There’s no question that drone technology has progressed far beyond strictly recreational use. Drones are critical equipment in enterprises including agriculture, construction, inspections and insurance. The business case for these applications is strong – but drones equipped with high-powered thermographic equipment can do more than just save money, they’re saving lives.
A report published earlier this year by drone manufacturer DJI said that more than 58 lives had been saved directly through the use of drone technology – and countless others when drones are used as an integral part of an emergency response. Drones have been instrumental in saving lives through search and rescue, emergency response, and firefighting.
Airborne, sophisticated imaging systems have been used for years to provide situational awareness to military or large civil operations – but drones provide a great way to get powerful imaging equipment in the air, quickly and cheaply. Thermographic equipment attached to a prosumer or commercial drone results in a life-saving tool for public sector work. In search and rescue operations, drones allow greater coverage of a search area – and thermography allows rescue teams to work through the night, significantly increasing the potential for success. Thermal imaging cameras give teams the power to “see in total darkness,” says FLIR, the global leader in thermographic imaging sensors. Added to that is the ability to discern figures difficult to find with traditional cameras even in daylight- like one stranded hiker lost against the backdrop of a snowy field. This capacity is one of several reasons that law enforcement organizations around the world are using drones.
Emergency response teams, first on the ground to cover natural and manmade disasters of all types, are also adopting drone technology quickly. Being able to evaluate a situation immediately and to identify victims stranded in the midst of debris caused by floods, fires, and earthquakes in the first few hours after a disaster hits makes a significant human impact. During the Chennai floods in India last year, dozens of people stranded on the roofs of their homes were identified by drone to be rescued by teams of workers traveling through the flooded city in boats. Drones are also being used to quickly re-establish communications networks, deliver emergency supplies, and plan for emergency transportation routes.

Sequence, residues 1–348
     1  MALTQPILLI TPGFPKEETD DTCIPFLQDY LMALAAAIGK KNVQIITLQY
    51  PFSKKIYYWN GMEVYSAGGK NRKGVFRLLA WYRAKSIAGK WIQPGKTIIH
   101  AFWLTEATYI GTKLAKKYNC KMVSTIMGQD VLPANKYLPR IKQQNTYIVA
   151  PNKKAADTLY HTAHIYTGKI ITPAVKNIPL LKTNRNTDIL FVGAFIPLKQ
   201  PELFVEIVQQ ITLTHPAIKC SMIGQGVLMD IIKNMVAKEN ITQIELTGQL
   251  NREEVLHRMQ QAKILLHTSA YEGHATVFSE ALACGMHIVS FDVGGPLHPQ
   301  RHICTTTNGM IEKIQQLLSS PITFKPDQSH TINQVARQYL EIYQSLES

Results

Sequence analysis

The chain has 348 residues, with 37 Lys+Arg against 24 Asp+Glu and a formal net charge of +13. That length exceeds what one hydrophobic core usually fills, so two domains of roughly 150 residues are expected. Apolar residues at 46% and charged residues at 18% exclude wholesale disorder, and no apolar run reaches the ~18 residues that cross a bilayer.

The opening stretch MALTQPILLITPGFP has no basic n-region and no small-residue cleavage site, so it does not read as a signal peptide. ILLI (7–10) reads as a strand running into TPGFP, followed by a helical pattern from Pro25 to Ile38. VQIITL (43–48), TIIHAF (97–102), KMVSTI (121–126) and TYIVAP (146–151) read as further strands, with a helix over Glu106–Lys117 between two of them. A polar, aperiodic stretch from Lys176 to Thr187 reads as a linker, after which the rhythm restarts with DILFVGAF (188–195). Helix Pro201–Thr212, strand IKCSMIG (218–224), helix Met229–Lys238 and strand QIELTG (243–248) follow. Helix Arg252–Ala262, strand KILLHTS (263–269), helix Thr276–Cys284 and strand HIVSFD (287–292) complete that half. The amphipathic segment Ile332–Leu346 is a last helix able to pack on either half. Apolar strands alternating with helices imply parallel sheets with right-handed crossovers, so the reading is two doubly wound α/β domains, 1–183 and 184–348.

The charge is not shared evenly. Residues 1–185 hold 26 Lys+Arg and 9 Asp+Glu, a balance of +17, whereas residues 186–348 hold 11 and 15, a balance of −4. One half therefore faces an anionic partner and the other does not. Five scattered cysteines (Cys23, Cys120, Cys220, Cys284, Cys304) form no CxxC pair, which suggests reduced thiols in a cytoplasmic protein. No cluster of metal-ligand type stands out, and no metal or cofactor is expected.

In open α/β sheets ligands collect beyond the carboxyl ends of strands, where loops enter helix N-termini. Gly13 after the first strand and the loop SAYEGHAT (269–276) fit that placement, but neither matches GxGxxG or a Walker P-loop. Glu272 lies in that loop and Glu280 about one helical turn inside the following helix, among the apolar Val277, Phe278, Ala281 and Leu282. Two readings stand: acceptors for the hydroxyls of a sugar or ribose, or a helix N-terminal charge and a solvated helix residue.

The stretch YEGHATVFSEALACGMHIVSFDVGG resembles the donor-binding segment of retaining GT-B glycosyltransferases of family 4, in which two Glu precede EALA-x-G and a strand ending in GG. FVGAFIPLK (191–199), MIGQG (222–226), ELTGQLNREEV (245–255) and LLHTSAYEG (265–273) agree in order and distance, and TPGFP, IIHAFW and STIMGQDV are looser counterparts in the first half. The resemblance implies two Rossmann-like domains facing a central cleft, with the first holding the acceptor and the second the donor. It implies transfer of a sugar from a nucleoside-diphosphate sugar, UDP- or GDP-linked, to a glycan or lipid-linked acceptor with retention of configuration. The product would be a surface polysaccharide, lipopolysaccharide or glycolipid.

Firefighting may provide one of the most compelling applications for drones equipped with thermal imaging equipment. From New York City’s famous FDNY to volunteer departments in small towns around the country, fire departments are utilizing drone technology to save structures and victims, and minimize risk to firefighters. The aerial perspective through a thermal imaging camera allows teams to pinpoint hotspots, identify victims on the scene, and quickly establish a plan of attack. It provides a level of visibility in the midst of a fire that is impossible with the naked eye or traditional cameras. (You can see how a fire looks through the lens of one of these thermographic tools here – experiencing a firefighters view through dark and smoke.) Drones not only make firefighters more effective – they keep them safe.
Drone technology has brought the benefits of powerful imaging equipment to the skies – and put those tools in reach for teams of any size. As the adoption of drone technology spreads, so do the benefits: not just for big business, but for communities everywhere.